The Communist (Paperback)
New York Review of Books, 9781681370781, 352pp.
Publication Date: September 19, 2017
A unique political coming of age story, now in English for the first time An NYRB Classics Original Walter Ferranini has been born and bred a man of the left. His father was a worker and an anarchist; Walter himself is a Communist. In the 1930s, he left Mussolini's Italy to fight Franco in Spain. After Franco's victory, he left Spain for exile in the United States. With the end of the war, he returned to Italy to work as a labor organizer and to build a new revolutionary order. Now, in the late 1950s, Walter is a deputy in the Italian parliament. He is not happy about it. Parliamentary proceedings are too boring for words: the Communist Party seems to be filling up with ward heelers, timeservers, and profiteers. For Walter, the political has always taken precedence over the personal, but now there seems to be no refuge for him anywhere. The puritanical party disapproves of his relationship with Nuccia, a tender, quizzical, deeply intelligent editor who is separated but not divorced, while Walter is worried about his health, haunted by his past, and increasingly troubled by knotty questions of both theory and practice. Walter is, always has been, and always will be a Communist, he has no doubt about that, and yet something has changed. Communism no longer explains the life he is living, the future he hoped for, or, perhaps most troubling of all, the life he has led.
About the Author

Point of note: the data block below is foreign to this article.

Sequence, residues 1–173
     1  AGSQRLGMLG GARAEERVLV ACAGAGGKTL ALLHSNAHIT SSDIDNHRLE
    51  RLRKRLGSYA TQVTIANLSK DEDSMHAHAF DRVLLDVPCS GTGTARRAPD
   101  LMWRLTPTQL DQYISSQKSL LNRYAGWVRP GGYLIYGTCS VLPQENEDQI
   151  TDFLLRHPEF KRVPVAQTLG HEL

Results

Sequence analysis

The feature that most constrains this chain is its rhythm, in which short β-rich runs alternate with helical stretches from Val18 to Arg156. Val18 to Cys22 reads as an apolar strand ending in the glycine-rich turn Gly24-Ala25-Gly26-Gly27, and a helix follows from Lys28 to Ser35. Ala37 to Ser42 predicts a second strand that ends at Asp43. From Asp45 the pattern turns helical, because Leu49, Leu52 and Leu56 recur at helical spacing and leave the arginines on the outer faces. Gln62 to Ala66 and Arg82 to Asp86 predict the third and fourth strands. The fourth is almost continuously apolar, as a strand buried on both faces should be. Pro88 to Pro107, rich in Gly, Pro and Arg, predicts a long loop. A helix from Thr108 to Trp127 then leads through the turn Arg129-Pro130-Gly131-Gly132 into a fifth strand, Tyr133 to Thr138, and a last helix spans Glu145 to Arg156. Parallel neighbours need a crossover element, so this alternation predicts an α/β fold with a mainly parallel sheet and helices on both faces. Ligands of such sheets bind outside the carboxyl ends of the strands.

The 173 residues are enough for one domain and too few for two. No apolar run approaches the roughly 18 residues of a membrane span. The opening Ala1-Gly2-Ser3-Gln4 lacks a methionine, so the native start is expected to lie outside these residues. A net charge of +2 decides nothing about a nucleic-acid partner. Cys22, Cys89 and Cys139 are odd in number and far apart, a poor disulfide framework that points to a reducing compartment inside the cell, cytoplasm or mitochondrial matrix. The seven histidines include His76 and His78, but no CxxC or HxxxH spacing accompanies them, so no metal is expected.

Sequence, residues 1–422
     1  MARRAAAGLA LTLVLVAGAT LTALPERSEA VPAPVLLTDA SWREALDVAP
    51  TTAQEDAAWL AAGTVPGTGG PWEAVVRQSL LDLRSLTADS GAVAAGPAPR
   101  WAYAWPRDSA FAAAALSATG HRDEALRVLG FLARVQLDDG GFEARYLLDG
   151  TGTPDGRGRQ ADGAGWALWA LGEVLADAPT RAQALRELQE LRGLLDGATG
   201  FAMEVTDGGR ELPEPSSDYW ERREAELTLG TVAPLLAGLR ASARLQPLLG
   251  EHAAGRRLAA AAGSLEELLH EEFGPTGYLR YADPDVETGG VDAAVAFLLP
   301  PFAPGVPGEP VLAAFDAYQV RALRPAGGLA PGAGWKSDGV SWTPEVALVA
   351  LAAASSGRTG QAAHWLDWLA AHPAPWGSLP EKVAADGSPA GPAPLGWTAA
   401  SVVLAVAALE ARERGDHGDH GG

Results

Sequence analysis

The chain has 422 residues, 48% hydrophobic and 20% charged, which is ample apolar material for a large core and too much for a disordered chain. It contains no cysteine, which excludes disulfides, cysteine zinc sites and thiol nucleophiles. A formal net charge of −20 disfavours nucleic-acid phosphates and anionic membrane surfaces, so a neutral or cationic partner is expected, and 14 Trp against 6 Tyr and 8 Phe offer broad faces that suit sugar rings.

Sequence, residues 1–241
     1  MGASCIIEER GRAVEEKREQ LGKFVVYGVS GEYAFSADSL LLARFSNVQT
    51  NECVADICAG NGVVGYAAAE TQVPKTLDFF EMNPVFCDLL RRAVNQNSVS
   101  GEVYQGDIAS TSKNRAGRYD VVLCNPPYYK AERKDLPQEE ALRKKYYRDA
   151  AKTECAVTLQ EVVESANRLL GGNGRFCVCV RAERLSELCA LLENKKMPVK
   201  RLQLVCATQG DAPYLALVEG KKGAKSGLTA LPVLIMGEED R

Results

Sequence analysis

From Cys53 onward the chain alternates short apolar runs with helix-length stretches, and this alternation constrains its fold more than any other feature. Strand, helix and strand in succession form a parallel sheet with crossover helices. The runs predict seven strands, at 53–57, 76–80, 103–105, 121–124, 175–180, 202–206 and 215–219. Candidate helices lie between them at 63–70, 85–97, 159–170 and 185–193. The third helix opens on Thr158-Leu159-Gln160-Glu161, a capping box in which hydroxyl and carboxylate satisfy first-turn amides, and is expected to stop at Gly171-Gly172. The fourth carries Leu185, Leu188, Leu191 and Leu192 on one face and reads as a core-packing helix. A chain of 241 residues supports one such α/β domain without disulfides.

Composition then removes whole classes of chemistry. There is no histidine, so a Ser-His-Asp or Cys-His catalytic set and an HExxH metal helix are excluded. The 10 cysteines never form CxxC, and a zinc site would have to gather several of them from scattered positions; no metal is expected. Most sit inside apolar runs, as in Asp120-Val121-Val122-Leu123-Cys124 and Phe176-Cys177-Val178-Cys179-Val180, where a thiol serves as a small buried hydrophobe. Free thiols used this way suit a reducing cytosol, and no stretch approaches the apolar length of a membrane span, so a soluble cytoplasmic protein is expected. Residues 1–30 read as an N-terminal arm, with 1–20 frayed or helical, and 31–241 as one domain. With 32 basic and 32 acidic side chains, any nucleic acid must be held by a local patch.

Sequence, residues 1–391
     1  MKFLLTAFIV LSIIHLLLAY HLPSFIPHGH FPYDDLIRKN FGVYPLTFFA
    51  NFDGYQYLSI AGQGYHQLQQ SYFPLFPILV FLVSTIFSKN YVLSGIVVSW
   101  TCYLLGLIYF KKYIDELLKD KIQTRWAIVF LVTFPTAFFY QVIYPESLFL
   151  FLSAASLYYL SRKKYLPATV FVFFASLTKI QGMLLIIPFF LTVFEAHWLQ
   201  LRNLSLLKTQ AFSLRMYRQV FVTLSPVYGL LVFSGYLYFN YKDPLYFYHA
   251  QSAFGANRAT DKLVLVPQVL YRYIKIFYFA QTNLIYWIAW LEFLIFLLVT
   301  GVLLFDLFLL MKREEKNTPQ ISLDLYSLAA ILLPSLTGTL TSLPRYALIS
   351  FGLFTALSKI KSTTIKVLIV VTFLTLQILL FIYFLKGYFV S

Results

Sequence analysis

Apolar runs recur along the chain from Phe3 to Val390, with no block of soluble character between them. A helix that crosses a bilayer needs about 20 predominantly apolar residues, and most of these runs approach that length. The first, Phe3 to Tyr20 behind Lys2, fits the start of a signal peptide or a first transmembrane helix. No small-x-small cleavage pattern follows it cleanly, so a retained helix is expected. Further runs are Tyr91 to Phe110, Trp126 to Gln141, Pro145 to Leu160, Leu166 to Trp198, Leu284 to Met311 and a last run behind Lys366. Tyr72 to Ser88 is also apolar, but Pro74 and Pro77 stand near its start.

Guido Morselli (1912-1973) spent his youth in Milan, where his father was an executive with a pharmaceutical company. When he was twelve his mother died from Spanish flu, an event that devastated the reserved child. After attending a Jesuit-run primary school and a classical secondary school, Morselli graduated from the Universita degli Studi di Milano with a law degree in 1935. Instead of practicing law, however, he embarked on a long trip around the Continent. Though he wrote consistently from the remote town in the lake region of Lombardy where he lived alone, Morselli succeeded in publishing only two books over the course of his life: the essays Proust o del sentimento (Proust, or On Sentiment, 1943) and Realismo e fantasia (Realism and Invention, 1947). His many works of fiction, journalism, and philosophy were repeatedly rejected by publishers, and, frustrated by his perceived failures, he committed suicide in 1973. Hanging in his library was the motto Etiam si omnes, ego non (Though all do it, I do not). In fact, Morselli's nine posthumously published novels, among them Roma senza papa (Rome Without the Pope, 1974), Divertimento 1889 (1975), and Dissipatio H.G. (The Dissolution of the Human Race, 1977), enjoyed considerable critical success. Morselli left his farm and lands to the town of Gavirate in his will, and today Parco Morselli looks south onto Lago di Varese and north toward the Alpine foothills. Frederika Randall is a writer and a translator of Italian literature. Her translations include Luigi Meneghello's Deliver Us; Sergio Luzzatto's The Body of Il Duce, Padre Pio, and Primo Levi's Resistance; and Ippolito Nievo's Confessions of an Italian, named among the best books of 2014 by The New Yorker and the New Statesman. Among her awards are a Bogliasco Fellowship, a PEN/Heim Translation Fund grant, and, with Sergio Luzzatto, the Cundill Prize. She lives in Rome. Elizabeth McKenzie's novel The Portable Veblen was longlisted for the 2016 National Book Award for fiction. She is the author of the novel MacGregor Tells The World and story collection Stop That Girl. Her work has appeared in The New Yorker, The Atlantic, Best American Nonrequired Reading, and other publications. McKenzie is senior editor of the Chicago Quarterly Review and the managing editor of Catamaran Literary Reader.